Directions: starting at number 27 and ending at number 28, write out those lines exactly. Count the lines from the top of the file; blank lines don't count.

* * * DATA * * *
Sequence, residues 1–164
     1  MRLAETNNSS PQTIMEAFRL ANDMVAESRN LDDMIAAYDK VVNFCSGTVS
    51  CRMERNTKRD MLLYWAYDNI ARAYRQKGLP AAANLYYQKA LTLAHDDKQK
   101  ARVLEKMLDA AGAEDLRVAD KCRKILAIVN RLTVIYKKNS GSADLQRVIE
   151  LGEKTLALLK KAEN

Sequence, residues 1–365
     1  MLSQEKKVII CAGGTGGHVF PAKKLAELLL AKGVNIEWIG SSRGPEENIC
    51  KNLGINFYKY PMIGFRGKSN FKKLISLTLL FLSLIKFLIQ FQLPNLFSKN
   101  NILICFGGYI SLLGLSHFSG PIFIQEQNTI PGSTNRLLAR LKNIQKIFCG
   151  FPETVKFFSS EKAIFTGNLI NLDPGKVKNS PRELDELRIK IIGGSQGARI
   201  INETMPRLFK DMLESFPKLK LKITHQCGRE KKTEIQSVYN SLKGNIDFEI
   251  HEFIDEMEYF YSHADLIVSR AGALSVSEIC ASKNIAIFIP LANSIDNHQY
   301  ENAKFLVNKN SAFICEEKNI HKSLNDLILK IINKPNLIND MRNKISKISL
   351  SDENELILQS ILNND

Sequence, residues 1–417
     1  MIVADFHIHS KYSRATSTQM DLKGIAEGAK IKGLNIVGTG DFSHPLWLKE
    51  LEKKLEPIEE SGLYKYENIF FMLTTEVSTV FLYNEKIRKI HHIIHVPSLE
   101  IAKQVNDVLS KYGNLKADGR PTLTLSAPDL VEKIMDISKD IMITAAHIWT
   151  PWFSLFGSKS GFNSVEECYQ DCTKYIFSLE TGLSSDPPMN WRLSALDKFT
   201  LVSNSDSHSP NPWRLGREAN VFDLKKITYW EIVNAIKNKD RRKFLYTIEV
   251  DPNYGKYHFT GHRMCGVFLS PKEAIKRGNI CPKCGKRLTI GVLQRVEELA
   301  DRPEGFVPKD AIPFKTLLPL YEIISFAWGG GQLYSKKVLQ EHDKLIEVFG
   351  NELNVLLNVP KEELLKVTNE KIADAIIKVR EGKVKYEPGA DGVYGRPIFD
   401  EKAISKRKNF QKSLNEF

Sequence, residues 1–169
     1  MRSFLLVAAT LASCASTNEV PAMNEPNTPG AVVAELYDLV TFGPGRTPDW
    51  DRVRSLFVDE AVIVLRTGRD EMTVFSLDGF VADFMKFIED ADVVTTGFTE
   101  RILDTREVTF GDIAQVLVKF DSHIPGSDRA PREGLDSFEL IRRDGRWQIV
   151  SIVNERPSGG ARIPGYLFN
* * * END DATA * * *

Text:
    51  DRVRSLFVDE AVIVLRTGRD EMTVFSLDGF VADFMKFIED ADVVTTGFTE
   101  RILDTREVTF GDIAQVLVKF DSHIPGSDRA PREGLDSFEL IRRDGRWQIV